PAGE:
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Speed Skiing: Launched Kilometre and its Competition

Speed Skiing: Launched Kilometre and its Competition

Speed skiing, also known as Kilometre Launched (KL), is an extreme discipline that challenges the limits of speed on snow. In this blog, we will explore the key aspects of this exciting competition, from its beginnings to the next World Cup to be held in Andorra in March 2024.


History and Early Competitions

The first documented reference to a speed skiing competition dates back to 1930 in Saint-Moritz, Switzerland. In this event, Gustav Lantschner distinguished himself by reaching a speed of 105.68 km/h (105.68 mph). Since then, speed skiing has evolved considerably, becoming one of the fastest non-motorised sports.


Records and Landmark Slopes

Current speed records are astounding, with records exceeding 247 km/h in the women's category and 255 km/h in the men's category. The fastest track in the world is located in Vars, France. Historically, the French resorts of Les Arcs and Vars have been the scene of numerous records.


Competition Dynamics and Specialised Equipment

In a speed skiing competition, the skier's strategy is crucial. The aim is to accelerate as fast as possible on the long acceleration part of the slope, while maintaining an aerodynamic position. Speed is measured in the last 100 metres of the downhill. Latex or polyurethane suits, together with aerodynamic helmets, are essential to reduce air resistance.

Skiers use special skis with specific dimensions and weights, as well as bent poles to adapt to the body and optimise aerodynamics.



Curiosities of Speed Skiing: Beyond the Adrenaline Rush

Diving into the fascinating world of speed skiing, we discover a series of curiosities that add a unique nuance to this extreme sport.


Speed records: Ivan Origone and Ricardo Adarraga

Speed skiing holds the title of being the fastest non-motorised sport in the world. The global record is held by Simon Billy, who reached an impressive 255,500 km/h in 2023. In Spain, the record belongs to Ricardo Adarraga, who reached 240.642 km/h.


Lightning Acceleration: 0-100 km/h in 4.5 Seconds

The acceleration in speed skiing is comparable to that of a MotoGP or Formula 1 car, as skiers manage to reach 0-100 km/h in just 4.5 seconds.


Historical Dominance: Simone Origone

Simone Origone, a legend in the sport, has demonstrated dominance on a par with iconic figures such as Valentino Rossi, Michael Schumacher, Tiger Woods and Miguel Indurain. Origone has broken the world record three times, won nine World Cups, won five FIS world titles and holds eight World Pro titles.


Speed Elite: Few Exceed 250km/h

Only seven athletes have broken the 250 km/h barrier, including Ivan Origone, Simone Origone, Simon Billy, Philippe Goitschel, Bastien Montes, Jonathan Moret and Philippe May.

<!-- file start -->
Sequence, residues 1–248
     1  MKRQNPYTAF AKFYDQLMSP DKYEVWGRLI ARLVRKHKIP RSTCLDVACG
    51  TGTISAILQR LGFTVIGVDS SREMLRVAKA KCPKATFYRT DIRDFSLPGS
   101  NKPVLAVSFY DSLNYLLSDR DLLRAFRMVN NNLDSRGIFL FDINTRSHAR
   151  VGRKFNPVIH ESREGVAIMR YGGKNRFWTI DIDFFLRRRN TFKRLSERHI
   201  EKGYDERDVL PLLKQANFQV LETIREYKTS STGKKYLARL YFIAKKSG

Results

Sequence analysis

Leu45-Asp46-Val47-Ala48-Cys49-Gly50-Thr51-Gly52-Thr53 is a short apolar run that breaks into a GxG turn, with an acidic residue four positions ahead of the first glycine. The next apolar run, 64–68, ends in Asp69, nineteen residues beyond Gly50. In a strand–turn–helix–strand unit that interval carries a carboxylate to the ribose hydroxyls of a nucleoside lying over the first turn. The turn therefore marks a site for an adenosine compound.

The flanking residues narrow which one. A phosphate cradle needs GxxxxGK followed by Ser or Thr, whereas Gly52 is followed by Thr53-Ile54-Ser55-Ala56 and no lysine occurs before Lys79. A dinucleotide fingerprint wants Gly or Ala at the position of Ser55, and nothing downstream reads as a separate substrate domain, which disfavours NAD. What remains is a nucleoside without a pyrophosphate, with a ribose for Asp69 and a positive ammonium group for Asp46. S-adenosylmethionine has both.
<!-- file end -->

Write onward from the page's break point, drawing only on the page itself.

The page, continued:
Simone Origone: Master of Speed

Simone Origone stands out as the only skier to have exceeded 250 km/h five times. His brother Ivan and Frenchman Bastien Montes follow with two times each.


Snow Impact: A Determinant of Speed

Although aerodynamics account for 90% of the drag during a downhill run, the consistency of the snow plays a crucial role. A notable example is skier Bastien Montes, who recorded 233 km/h in fresh snow and 250 km/h in spring snow in 2017.


Unwritten Rule: Safety in Speed Skiing

There is an unwritten rule in speed skiing: there are two types of skiers, those who have experienced crashes and those who will experience crashes. Fortunately, accidents rarely have serious consequences, being mostly limited to burns due to friction with the snow.


Exhibition Sport in 1992: A Historic Hit

Speed skiing was introduced as an exhibition sport in 1992, and on that occasion the world record was broken with a speed of 229 km/h.


Speed Limits: No Aids, Less than 210 km/h

Without aerodynamic aids such as spoilers or special helmets, and with non-specialised suits, it would be virtually impossible to exceed 210 km/h in speed skiing.


Circuit Veterans: Simone Origone and Ricardo Adarraga

Simone Origone and Ricardo Adarraga share the honour of having the most FIS World Championship appearances, each with impressive consistency. Together with Philippe May and Antonio Renaldo, they form the group of the four most veteran riders on the KL circuit.


Origin of the name: Launched Kilometre

The origin of the name comes from the way the Italians used to call it on the famous Cervinia track. However, the length of the tracks does not necessarily have to be 1 kilometre, as it is variable and what is taken into account is the potential gradient of the track.


World Cup Launched Kilometre 2024 in Andorra

From 12 to 14 March 2024, Andorra will be the epicentre of speed skiing excitement. The Riberal piste, in the Grau Roig sector of Grandvalira, will host two events of the Launch Kilometre World Cup. This piste, with a length of 900 metres, 200 metres of vertical drop, and a maximum gradient of 74%, has earned its reputation as a spectacular venue for this competition.

The best runners in the discipline will take part in these events, seeking both victory and to beat the track's speed record, currently held by Swiss Philippe May with 199.56 km/h since 2017.

This event promises to be a unique experience for lovers of skiing and extreme speed. Don't miss the opportunity to witness the magic of speed skiing in beautiful Andorra.